Archaeologists unearthed the remains of a prehistoric crocodile in early 2015 that was previously unknown to science.
Scientists have dubbed this giant reptile Machimosaurus rex, and the fossils date back 130 million years.
This giant prehistoric predator was about 30 feet long and weighed in at about 3 tons, making it possibly the largest crocodilian to exist during the Jurassic period.
The fossils were discovered by researchers in Tunisia during an excavation carried out by Fererico Fanti in conjunction with the National Geographic Society.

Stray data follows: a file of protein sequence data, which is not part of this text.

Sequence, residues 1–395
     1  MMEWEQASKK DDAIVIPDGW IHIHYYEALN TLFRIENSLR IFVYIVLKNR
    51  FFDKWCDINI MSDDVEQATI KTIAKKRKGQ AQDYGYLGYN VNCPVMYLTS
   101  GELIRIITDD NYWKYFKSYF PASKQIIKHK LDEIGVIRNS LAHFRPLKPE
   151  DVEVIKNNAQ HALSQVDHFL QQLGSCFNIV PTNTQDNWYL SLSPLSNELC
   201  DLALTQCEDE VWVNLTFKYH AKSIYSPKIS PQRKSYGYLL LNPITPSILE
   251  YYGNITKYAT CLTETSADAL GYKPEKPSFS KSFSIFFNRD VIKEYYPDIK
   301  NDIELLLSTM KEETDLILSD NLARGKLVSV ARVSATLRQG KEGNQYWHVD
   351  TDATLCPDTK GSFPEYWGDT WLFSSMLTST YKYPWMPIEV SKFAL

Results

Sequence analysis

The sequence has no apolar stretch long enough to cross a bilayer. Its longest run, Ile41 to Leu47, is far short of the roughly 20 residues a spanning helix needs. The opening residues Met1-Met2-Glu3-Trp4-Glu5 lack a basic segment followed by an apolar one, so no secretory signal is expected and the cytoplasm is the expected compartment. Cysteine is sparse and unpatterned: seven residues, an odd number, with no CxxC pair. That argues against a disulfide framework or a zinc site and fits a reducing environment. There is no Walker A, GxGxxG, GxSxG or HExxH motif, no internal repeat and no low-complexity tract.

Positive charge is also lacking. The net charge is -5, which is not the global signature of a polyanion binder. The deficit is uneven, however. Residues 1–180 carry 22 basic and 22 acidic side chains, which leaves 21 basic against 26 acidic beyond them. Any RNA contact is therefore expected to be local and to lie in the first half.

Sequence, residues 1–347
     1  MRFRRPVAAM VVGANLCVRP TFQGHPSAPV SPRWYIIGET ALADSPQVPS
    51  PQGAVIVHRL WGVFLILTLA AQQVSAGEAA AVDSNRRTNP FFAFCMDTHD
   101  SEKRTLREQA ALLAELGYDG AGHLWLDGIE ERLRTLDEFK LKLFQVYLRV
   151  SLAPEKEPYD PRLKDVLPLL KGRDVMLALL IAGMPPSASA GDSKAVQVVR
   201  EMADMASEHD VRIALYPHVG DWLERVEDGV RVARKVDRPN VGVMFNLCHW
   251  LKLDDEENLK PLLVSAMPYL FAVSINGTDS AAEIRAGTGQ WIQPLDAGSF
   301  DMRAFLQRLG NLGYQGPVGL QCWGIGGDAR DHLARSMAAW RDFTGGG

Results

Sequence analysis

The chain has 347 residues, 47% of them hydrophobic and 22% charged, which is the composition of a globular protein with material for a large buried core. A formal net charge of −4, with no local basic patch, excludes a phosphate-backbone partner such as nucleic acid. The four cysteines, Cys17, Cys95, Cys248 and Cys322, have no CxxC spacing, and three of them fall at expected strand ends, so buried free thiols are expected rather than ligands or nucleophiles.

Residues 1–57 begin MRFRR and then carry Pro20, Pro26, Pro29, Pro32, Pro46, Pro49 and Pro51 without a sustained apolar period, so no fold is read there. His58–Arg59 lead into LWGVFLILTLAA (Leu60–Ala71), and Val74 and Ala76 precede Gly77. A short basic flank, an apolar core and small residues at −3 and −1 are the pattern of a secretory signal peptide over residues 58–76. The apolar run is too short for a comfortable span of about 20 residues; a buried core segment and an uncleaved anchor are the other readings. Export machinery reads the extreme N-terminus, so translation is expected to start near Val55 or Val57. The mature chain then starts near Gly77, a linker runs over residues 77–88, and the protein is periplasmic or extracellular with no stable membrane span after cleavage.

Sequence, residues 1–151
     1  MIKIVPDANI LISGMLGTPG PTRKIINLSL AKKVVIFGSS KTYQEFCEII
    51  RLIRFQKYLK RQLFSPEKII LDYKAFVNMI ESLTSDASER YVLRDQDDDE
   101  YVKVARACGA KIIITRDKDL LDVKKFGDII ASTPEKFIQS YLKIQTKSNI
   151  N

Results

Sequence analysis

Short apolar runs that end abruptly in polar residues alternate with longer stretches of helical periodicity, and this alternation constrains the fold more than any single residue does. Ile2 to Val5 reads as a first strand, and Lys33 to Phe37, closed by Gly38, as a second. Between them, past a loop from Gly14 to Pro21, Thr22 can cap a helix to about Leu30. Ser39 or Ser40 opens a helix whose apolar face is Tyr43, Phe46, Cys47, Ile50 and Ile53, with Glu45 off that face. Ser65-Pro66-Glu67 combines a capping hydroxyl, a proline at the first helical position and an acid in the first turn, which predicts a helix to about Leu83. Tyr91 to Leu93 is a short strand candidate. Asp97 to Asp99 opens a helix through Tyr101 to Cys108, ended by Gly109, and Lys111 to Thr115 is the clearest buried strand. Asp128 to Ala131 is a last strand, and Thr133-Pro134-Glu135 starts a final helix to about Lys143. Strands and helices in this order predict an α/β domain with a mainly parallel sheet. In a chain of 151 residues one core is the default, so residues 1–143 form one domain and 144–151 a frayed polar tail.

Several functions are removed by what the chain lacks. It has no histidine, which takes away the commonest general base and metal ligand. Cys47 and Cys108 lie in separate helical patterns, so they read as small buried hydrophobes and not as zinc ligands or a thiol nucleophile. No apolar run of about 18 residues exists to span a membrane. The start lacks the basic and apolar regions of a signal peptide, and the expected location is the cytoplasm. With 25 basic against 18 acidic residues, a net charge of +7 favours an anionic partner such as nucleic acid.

“Machimosaurus rex had stocky, relatively short and rounded teeth,” Fanti said, “and a Machimosaurus rex massive skull capable of a remarkable bite force. It would likely have been something of an ambush predator, hanging around in shallow water hunting turtles and fishes and maybe waiting for some land animals to come a little too close to the shore.”
Based on the animal’s vertebrae, researchers believe that they could have also existed at least partly in open ocean, and would have likely been excellent divers.
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